Updated February 18, 2010 at midnight
Whistler, British Columbia When Lindsey Vonn met two-time American Olympic medalist Picabo Street in a Minnesota ski shop some 15 years ago, an Olympic dream and the foundation for one of the greatest Alpine ski careers was born.
As Vonn has treaded her way through the 2010 Winter Olympics — one where expectations were heaped upon her shoulders (and shins), fairly or unfairly — she’s always remained upbeat. Vonn skied an attacking, aggressive run Wednesday in Whistler, British Columbia, and the final piece of her magnificent career fell into place.
Vonn edged fellow American Julia Mancuso, winning her first Olympic medal in a time of 1 minute, 44.19 seconds, becoming the first American to win the women’s downhill in the 21st Winter Olympics.
Mancuso took the silver, finishing 0.56 seconds behind, and Elisabeth Goergl, of Austria, took the bronze, 1.46 seconds behind.
“It doesn’t matter now. I’ve won my medal,” an emotional Vonn said. “I’ve worked my whole life for this. Even though it hasn’t been a perfect ride, it’s been an amazing one. I’m even more thankful to win (Wednesday) considering all the troubles that I’ve had. The injuries and all the setbacks makes it very sweet to have this victory.”
Vonn, who has been on a racecourse just twice in the past two weeks because of injuries — most notably a shin injury that has made it excruciatingly painful to be in ski boots — put together the run of a lifetime Wednesday.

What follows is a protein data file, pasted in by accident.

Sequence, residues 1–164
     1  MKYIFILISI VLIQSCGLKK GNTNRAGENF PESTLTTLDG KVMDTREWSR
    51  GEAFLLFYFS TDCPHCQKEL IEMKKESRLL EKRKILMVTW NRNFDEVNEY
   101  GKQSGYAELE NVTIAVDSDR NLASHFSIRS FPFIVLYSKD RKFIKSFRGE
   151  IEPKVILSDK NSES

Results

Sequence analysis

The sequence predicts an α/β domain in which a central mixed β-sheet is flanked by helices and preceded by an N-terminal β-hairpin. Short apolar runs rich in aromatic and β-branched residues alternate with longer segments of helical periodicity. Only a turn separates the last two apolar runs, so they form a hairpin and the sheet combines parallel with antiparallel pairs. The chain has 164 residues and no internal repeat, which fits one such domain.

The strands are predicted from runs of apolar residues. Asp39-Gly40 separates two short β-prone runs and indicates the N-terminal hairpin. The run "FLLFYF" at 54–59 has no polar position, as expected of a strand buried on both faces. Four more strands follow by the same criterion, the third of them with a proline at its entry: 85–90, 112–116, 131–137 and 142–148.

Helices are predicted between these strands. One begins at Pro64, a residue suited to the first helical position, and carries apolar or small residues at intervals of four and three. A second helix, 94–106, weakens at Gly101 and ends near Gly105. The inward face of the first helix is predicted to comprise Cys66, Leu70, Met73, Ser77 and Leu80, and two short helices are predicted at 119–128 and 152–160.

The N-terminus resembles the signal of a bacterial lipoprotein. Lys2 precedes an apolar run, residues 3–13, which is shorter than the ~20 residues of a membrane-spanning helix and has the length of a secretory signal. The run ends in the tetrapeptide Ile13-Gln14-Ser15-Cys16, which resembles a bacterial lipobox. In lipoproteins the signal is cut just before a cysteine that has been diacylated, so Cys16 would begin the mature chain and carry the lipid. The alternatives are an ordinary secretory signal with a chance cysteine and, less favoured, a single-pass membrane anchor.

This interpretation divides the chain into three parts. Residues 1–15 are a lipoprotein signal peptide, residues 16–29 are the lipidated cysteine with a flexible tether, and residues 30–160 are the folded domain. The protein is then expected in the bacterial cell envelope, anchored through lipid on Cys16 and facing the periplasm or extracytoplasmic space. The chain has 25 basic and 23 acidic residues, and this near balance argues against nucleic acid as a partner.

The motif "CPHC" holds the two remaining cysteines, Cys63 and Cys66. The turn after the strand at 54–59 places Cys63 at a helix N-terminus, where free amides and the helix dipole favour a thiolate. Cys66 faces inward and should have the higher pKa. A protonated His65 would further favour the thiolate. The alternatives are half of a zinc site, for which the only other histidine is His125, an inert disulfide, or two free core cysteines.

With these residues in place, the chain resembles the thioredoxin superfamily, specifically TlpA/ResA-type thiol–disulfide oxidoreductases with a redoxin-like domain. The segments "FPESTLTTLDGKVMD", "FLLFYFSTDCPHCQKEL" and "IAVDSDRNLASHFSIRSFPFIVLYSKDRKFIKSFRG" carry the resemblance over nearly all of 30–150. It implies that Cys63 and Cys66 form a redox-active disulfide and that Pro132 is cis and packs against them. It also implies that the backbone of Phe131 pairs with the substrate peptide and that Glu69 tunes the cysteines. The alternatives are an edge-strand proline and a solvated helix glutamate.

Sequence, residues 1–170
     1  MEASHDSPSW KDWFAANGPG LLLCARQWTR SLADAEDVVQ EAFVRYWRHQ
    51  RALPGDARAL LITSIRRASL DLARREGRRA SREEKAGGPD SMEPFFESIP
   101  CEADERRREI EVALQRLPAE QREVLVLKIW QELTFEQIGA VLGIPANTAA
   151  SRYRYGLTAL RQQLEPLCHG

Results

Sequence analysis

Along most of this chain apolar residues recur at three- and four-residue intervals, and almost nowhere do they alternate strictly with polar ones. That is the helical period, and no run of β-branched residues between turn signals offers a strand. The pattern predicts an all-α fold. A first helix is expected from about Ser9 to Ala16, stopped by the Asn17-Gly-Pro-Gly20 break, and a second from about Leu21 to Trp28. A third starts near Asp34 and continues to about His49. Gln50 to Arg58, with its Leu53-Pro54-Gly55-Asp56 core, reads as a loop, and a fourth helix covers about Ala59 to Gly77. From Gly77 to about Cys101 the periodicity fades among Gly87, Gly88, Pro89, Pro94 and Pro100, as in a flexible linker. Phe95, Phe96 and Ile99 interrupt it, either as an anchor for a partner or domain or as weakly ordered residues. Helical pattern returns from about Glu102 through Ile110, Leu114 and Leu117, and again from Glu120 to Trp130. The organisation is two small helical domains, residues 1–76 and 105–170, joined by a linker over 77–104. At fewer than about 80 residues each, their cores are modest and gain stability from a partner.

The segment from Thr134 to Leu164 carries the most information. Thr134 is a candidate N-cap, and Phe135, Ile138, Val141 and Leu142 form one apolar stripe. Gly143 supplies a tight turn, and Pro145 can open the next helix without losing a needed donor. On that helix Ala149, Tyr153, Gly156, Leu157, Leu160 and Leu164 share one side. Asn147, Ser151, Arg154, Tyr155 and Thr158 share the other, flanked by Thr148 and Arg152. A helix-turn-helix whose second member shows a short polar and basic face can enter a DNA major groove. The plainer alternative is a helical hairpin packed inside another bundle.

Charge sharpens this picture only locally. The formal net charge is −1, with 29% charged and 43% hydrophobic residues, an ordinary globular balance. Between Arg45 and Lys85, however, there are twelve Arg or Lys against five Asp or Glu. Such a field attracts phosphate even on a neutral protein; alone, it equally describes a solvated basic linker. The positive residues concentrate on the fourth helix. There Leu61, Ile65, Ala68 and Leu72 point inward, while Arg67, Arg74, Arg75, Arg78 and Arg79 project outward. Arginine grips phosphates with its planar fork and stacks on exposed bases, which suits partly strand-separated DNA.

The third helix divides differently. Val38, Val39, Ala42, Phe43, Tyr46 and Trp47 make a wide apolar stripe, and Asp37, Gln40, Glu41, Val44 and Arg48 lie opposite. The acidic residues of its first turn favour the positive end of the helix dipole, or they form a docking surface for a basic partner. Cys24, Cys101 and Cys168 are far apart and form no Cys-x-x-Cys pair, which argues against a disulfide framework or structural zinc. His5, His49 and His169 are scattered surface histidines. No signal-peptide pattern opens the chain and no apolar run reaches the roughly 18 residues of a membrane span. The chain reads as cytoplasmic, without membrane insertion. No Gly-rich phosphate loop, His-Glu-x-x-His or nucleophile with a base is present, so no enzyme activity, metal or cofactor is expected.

Mancuso went eighth and had set the bar with a run of technical brilliance. On a course where rolling bumps and tough light challenged skiers, Mancuso was nine-tenths ahead of every other skier when she reached the bottom.
“For me, it’s just living our dreams,” Mancuso said. “It’s something we’ve both dreamed about forever. It’s been a long journey. It just goes to show how you can do anything you put your mind to if you believe in yourself.”
Vonn was at the top and had heard from her husband, Thomas, that Mancuso had put down the nearly flawless run.
Thomas relayed to Vonn that she would have to be aggressive, attack and be darn near perfect.
“I didn’t need him to tell me that,” Vonn said. “I knew the stakes. I knew Julia had a good run. I just said, ‘OK, I got it.’ I went out and skied the way I know how to ski.”
That way was one in which Vonn wasn’t technically brilliant but more than made up for it in aggressiveness.
By the time she hit the bottom air and soared toward the finish line, it was close. Vonn looked up at the giant scoreboard, saw her time and a No. 1 next to her name and fell to her knees.
Wednesday’s event marked the first time Americans have finished first and second in Alpine skiing since the 1984 games. The last time it happened, Americans Phillip and Steven Mahre went 1-2 in the men’s slalom, and Deb Armstrong, now Alpine skiing director at the Steamboat Springs Winter Sports Club, won the gold in the women’s giant slalom and Christin Cooper won the silver.
But for Vonn, whose right shin bruise has been the talk of the Olympics, Wednesday was the apex of a decorated career.
They said she couldn’t win World Cups, and she did. They said she couldn’t win a World Championship, and she did.
Now there isn’t much they can say, except that maybe Vonn is the greatest female Alpine racer in America’s history.
“It’s been a long journey since that ski shop in Minnesota,” Vonn said. “I have a lot of weight off my shoulders. I can ski confidently. To do it, even with the shin injury. I’ve already won a gold medal. I don’t have to think about that. I can just think about skiing.
I’m completely overwhelmed. It was one of the best feelings I’ve ever had.”